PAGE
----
Wander through miles of Everglades National Park’s tranquil wetland in search of mangrove forests, sawgrass prairies, orchids, alligators and crocodiles. Sunbathe on white sand beaches or kayak or bicycle to wildlife habitats.
Everglades National Park is a subtropical wilderness, one of the largest national parks in mainland United States. Drive on the east-west Tamiami Trail along the park’s northern border, passing open areas of flooded woodland.
Travel by land or water inside the park to see some of the 50 reptile and 360 bird species living here. Follow the boardwalk path of the short Anhinga Trail and watch for the namesake bird with a snakelike neck. The anhinga submerges for extended periods and spears its catch with its beak.
Continue westward to Shark Valley. Behind the imposing name is a scenic 15-mile (24-kilometer) trail that takes you close to an environment of dense forest and small creeks. Spot storks and herons fishing in the shallows. Try to find both brown alligators and gray-green crocodiles lurking at the surface. The park is one of the few places on earth where the two reptiles live side by side. Look for alligator holes and nests.
Reach the Gulf Coast to find the Ten Thousand Islands. This network of tiny landmasses lies offshore from the city of Everglades on the park’s northwestern coast. Explore the shallow, blue-green passageways by kayak and find an empty beach. Pick up a tide timetable to plan your paddling to avoid strong currents or exposed oyster reefs.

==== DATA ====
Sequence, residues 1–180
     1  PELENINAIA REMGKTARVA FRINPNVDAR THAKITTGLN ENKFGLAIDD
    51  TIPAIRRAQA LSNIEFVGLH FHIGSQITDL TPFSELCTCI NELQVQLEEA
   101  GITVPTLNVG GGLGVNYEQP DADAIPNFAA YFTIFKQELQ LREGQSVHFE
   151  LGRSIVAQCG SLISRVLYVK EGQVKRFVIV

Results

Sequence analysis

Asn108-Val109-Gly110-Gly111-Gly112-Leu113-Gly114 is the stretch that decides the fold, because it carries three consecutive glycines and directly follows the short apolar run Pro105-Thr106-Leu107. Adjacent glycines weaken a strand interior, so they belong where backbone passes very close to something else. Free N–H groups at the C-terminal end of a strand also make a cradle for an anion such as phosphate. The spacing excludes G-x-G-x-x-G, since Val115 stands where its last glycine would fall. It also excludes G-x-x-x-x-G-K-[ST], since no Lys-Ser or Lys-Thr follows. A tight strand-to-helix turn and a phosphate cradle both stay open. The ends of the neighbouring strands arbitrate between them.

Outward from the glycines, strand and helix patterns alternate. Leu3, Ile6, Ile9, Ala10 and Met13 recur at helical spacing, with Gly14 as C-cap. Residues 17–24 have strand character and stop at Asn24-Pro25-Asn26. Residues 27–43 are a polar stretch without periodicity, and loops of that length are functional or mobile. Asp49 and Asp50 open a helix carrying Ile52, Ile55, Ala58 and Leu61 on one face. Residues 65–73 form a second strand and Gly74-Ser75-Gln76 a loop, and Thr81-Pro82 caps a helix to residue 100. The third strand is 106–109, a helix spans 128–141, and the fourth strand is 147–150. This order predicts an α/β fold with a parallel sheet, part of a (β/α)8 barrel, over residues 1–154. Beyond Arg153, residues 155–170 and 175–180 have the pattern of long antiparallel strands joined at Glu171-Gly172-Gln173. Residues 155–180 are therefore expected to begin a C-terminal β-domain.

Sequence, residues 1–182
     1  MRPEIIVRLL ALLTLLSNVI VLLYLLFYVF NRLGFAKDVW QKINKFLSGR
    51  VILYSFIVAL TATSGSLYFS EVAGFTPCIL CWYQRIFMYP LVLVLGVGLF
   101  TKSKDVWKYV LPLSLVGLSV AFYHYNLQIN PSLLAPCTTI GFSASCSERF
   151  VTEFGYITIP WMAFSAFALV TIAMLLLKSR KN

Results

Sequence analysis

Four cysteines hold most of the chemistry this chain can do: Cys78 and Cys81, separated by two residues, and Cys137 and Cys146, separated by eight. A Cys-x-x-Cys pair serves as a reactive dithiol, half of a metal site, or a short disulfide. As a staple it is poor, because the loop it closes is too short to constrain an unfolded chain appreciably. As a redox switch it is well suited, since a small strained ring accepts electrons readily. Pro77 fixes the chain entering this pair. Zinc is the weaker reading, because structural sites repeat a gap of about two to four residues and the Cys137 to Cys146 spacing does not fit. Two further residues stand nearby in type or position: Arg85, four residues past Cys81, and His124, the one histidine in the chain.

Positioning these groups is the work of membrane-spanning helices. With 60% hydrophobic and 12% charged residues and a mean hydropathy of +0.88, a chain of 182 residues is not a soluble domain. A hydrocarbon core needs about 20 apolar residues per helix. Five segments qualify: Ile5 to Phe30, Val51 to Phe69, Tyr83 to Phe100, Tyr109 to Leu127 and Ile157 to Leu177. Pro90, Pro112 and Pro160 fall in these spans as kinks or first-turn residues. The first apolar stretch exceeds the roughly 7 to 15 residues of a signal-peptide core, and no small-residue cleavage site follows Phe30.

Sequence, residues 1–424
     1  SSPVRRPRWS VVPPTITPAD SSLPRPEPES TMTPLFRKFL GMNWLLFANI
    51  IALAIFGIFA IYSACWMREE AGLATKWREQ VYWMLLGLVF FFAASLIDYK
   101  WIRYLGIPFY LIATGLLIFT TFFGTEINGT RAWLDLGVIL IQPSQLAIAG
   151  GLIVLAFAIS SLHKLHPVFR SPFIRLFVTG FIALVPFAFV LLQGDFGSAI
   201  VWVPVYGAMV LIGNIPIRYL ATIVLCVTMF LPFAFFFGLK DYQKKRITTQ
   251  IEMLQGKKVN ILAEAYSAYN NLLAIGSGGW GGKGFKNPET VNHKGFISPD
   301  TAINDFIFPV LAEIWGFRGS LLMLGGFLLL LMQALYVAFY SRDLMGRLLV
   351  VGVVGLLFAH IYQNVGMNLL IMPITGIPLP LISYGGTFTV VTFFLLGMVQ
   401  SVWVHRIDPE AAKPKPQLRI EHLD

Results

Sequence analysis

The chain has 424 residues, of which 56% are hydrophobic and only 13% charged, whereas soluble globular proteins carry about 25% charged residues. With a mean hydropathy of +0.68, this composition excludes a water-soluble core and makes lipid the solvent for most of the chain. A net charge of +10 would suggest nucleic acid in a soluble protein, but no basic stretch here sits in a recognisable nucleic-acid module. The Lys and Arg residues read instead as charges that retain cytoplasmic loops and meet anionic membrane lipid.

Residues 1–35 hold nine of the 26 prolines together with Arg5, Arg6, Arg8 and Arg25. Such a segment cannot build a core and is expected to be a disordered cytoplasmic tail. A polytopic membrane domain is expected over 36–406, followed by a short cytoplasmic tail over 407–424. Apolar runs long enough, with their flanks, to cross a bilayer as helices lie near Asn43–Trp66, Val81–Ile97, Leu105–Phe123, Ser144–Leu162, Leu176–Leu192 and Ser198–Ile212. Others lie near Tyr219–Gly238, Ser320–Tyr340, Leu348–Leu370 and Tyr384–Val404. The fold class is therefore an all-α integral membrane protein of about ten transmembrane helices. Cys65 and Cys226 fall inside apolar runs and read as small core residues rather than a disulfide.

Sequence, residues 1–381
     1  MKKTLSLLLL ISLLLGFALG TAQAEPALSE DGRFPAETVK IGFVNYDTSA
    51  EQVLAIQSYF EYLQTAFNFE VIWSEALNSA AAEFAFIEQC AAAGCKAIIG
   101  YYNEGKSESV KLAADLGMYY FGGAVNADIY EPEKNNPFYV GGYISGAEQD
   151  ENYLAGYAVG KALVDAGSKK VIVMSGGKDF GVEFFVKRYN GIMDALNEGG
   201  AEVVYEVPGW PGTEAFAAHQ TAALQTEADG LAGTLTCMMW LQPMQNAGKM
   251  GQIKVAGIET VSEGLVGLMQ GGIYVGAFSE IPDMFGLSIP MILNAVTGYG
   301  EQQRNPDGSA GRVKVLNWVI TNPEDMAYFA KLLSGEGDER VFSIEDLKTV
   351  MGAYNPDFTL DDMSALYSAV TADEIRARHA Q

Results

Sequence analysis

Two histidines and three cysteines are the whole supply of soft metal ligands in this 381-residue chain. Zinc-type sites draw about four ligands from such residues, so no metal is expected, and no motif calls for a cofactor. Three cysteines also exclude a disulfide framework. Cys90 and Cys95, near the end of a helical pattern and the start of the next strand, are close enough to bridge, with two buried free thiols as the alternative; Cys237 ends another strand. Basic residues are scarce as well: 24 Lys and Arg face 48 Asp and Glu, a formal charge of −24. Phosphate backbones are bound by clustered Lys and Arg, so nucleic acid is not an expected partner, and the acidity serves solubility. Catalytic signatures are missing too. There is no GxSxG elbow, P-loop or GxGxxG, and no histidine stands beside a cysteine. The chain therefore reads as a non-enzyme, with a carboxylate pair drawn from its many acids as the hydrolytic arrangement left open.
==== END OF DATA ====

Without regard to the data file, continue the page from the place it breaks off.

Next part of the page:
Everglades National Park encompasses Florida State’s southernmost point. Enter the park via the main Florida City entrance on the southeast side of the park or entrances near Miami and the Gulf Coast. Pay an admission fee to enter the park your pass will be valid for seven days. Visit the small towns along the eastern and western borders of the park for food and accommodations.
The U.S. national park system offers affordable outdoor adventures in a wide variety of terrains. Explore Everglades National Park, not only a fascinating wetland, but also a World Heritage Site and International Biosphere Reserve.